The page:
The rural statement of the Minister for Primary Industry (Mr Kerin) of 15 April last year has been a miserable failure. It skirted around the edges of the problem. Now we have the Minister, who I regret is not here today, blaming other nations, previous governments, Cabinet colleagues and farmer groups-everybody but himself and his Government.

Mr Rocher —Scapegoatism.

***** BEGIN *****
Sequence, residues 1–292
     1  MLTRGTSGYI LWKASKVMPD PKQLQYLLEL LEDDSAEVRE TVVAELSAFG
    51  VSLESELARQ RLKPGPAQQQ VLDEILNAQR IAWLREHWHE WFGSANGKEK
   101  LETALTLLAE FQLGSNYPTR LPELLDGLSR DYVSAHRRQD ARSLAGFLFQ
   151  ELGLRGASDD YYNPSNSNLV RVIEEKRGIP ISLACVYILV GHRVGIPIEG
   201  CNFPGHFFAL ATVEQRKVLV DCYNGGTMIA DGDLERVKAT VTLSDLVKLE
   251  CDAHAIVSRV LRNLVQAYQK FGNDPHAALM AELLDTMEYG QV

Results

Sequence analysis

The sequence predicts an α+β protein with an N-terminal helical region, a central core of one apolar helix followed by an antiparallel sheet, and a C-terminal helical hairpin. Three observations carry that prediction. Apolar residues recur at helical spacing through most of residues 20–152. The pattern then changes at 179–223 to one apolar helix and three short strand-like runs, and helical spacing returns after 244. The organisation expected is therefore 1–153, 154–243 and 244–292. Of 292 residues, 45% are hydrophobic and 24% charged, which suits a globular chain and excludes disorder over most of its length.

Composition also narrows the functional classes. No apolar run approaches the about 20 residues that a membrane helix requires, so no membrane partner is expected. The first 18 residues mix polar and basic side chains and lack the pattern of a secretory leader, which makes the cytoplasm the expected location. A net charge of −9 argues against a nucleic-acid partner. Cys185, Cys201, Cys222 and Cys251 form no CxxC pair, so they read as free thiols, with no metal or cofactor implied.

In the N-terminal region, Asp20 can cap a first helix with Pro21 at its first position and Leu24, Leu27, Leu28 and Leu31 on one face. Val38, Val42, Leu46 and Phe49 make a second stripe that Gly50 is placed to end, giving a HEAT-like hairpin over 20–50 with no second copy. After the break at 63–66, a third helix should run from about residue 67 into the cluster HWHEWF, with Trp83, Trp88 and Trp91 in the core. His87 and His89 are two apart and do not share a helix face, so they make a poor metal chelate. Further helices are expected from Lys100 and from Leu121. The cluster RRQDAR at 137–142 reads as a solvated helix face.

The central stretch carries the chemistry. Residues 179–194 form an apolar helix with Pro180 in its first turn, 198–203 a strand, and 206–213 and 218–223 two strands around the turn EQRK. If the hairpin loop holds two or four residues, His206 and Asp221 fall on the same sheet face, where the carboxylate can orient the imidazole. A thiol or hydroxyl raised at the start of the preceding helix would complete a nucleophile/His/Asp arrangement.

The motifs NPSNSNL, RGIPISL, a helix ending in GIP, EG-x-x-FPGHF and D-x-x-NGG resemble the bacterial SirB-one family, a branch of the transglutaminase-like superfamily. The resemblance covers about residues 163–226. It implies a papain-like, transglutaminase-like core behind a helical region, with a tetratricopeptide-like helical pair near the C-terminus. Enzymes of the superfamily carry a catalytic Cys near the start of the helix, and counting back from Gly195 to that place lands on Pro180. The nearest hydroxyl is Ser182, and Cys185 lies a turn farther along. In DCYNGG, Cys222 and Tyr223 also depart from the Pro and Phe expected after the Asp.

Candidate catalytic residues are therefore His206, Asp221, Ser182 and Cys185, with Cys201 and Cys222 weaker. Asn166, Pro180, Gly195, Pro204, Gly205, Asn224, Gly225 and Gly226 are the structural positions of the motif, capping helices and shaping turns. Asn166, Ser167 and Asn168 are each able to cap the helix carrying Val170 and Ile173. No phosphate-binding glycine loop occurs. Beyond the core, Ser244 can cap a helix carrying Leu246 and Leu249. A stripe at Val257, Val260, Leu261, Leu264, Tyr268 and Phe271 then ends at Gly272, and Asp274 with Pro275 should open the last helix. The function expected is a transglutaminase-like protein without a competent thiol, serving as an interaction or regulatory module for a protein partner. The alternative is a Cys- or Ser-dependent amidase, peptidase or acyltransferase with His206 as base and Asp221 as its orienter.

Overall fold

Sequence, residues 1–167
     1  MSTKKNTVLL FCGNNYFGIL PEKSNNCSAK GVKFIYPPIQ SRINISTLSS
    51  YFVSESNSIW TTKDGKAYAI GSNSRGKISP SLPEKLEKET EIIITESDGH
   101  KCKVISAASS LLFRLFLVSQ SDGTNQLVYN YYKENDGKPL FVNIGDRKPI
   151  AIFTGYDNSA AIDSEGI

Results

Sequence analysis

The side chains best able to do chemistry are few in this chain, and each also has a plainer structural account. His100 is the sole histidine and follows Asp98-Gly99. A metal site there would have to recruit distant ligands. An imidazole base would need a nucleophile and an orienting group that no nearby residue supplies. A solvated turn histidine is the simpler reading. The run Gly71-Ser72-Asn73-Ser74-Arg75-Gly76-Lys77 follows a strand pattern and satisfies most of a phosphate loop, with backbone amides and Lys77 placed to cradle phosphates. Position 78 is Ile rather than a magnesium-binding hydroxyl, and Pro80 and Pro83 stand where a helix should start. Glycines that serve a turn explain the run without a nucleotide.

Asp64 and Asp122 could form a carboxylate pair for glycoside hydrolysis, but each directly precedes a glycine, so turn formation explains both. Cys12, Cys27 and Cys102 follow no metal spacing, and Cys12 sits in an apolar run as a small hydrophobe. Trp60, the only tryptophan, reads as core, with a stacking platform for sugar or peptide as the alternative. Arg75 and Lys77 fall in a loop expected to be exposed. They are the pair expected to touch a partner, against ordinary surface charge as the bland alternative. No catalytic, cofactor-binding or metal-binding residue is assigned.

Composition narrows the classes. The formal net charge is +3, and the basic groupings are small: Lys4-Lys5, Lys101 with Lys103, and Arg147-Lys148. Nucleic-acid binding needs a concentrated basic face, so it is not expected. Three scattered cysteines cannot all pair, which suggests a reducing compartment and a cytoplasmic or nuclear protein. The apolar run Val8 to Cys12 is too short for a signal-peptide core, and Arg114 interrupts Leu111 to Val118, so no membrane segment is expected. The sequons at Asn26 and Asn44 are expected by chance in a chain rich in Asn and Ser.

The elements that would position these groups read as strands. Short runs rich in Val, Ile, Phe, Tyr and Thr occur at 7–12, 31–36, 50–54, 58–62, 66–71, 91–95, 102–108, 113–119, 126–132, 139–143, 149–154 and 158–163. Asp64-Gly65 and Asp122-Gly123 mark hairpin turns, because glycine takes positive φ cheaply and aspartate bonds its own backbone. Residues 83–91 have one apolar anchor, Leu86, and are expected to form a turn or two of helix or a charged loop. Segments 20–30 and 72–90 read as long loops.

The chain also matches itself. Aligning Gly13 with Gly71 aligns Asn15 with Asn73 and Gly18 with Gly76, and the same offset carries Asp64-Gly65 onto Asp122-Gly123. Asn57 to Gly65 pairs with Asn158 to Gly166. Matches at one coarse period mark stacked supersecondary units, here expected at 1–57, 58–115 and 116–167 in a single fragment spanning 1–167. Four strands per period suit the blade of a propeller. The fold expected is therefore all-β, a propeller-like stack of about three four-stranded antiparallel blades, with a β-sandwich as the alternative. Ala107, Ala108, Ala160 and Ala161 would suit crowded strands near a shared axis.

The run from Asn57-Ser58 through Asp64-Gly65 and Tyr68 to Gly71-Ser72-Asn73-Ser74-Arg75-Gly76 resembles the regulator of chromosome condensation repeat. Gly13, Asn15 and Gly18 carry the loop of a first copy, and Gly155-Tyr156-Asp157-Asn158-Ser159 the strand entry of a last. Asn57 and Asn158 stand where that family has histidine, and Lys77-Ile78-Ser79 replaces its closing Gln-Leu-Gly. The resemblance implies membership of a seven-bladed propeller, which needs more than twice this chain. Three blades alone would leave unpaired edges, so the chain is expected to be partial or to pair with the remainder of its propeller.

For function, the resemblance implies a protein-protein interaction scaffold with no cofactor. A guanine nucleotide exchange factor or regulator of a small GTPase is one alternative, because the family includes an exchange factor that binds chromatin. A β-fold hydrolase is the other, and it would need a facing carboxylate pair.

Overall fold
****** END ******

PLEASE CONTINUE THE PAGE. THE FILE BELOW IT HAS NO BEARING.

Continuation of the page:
Mr HUNT —`Scapegoatism' is a good comment. According to a recent article in the Bulletin he said that farmers do not understand the Australian Labor Party's message. He said that farmers prefer simple answers because they are under stress. This is an outrageous state of affairs-treating farmers as fools, showing total contempt for his ministerial constituency. Labor has badly failed the people living in regional Australia. Economic policy strategies have bled the rural areas dry to protect the trade union constituency from the full effect of Australia's devastating loss of competitiveness. The external debt is now probably closer to $110 billion, which has trebled in the four years of the Hawke Labor Government. The debt rests on the shoulders of the Australian people, not the Government.